Can SSD payments be garnished?

UPDATED: Aug 17, 2011

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Can SSD payments be garnished?

At this time my wife can’t pay most of all of our debt due her having major surgery; recovery is up in the air right know. I had back injection. The problem we have had is we have fallen behind on all of our bills. We both are on SSD. We need to know if these companies can garnish our checks or will they just turn the debts over to collection? Would it be better for us to file bankruptcy  – Chapter 7 or 13. We are lost at what to do at this time.

Asked on August 17, 2011 North Carolina


M.D., Member, California and New York Bar / FreeAdvice Contributing Attorney

Answered 11 years ago | Contributor

First of all, bankruptcy is always an option if you are in dire financial circumstances, and it sounds as though you are. As for which chapter to file, a Chapter 13 is a repayment plan and it sounds as though you couldn't possibly enter into one at this point; you would need to consider a Chapter7 filing. While this is something that you can attempt on your own, it is technical and time consuming. You should really consult directly with a bankruptcy attorney. Since money is an issue see if Legal Aid is currently taking bankruptcy cases. if not,see if there is la aw school nearby to where you live; typically they run legal clinic that are /low cost. Additionally, you can contact the bar association in your county; it may have a list of attorneys that take cases for low income individuals.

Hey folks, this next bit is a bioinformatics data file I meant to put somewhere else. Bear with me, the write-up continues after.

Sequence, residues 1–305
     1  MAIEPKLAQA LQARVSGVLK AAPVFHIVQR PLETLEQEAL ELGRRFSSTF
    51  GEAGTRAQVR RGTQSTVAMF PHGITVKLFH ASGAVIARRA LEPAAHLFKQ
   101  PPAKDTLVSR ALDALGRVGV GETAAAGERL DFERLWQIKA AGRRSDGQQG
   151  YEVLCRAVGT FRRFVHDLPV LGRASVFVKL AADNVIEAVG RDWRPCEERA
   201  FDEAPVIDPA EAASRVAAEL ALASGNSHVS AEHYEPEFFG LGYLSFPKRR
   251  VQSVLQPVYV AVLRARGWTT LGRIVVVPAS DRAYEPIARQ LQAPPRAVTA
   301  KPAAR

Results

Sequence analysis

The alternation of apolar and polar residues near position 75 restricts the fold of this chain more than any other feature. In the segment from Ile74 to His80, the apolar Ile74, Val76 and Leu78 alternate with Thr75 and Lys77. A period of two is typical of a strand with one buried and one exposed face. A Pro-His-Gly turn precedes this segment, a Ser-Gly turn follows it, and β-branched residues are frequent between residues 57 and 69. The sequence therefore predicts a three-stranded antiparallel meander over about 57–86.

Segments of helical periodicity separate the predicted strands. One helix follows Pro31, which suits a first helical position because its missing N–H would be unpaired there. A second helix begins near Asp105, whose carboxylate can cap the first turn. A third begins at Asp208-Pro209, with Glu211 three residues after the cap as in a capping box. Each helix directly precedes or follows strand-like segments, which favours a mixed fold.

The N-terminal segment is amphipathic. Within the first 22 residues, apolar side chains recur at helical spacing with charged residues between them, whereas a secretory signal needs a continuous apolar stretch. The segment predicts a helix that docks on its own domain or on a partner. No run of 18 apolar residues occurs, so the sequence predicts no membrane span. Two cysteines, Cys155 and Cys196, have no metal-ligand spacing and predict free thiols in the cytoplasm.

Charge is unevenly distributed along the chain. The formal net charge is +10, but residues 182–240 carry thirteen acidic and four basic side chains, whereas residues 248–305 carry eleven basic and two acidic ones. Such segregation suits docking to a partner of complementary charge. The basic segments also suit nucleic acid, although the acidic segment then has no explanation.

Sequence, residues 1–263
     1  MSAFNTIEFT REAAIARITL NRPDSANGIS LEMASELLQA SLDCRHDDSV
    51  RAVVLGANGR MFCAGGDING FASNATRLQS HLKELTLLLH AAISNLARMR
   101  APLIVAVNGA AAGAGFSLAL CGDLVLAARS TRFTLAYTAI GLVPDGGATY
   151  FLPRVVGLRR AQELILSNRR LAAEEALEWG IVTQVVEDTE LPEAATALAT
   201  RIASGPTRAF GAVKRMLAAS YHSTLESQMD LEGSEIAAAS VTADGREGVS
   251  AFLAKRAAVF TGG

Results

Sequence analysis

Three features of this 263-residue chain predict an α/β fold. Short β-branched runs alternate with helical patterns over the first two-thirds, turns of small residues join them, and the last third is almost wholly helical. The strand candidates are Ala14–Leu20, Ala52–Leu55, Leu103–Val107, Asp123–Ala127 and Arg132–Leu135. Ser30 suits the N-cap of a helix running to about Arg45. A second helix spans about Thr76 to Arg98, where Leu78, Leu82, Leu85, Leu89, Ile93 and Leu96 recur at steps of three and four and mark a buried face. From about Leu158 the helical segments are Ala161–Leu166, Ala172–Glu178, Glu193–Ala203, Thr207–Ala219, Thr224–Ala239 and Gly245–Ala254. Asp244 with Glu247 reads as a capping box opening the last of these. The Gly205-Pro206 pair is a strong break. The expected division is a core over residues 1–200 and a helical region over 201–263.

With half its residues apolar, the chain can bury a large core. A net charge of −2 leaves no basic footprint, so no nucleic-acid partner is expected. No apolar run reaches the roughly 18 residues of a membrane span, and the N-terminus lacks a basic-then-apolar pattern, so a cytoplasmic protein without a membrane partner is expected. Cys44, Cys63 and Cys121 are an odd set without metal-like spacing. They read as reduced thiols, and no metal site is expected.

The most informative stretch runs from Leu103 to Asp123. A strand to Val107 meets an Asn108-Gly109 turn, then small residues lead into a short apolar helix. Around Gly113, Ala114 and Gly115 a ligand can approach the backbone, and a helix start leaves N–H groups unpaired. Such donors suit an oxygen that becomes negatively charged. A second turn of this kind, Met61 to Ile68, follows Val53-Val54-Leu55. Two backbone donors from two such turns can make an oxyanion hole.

As for the garnishment of your SSD, these payments are what is known as "exempt" funds. This means that they cannot be garnished by a creditors. There was a time that a creditor could freeze bank account in an attempt to get such money. If you did not object within a specified timeframe then the money would in fact be paid over by your bank even though the money was exempt.  But this is no longer the case. Now, if exempt funds are paid into an account via direct deposit, they cannot be frozen in your account (although other non-exempt money can be). So as long as you have direct deposit (that means that you do not deposit a check), your creditor cannot garnish your disability payments.

Note: Only 2 months worth of benefits are protected. Additionally, don't transfer benefits to another account or else the protection is void.

At this point you really need to speak with an attorney as to your situation.

IMPORTANT NOTICE: The Answer(s) provided above are for general information only. The attorney providing the answer was not serving as the attorney for the person submitting the question or in any attorney-client relationship with such person. Laws may vary from state to state, and sometimes change. Tiny variations in the facts, or a fact not set forth in a question, often can change a legal outcome or an attorney's conclusion. Although has verified the attorney was admitted to practice law in at least one jurisdiction, he or she may not be authorized to practice law in the jurisdiction referred to in the question, nor is he or she necessarily experienced in the area of the law involved. Unlike the information in the Answer(s) above, upon which you should NOT rely, for personal advice you can rely upon we suggest you retain an attorney to represent you.

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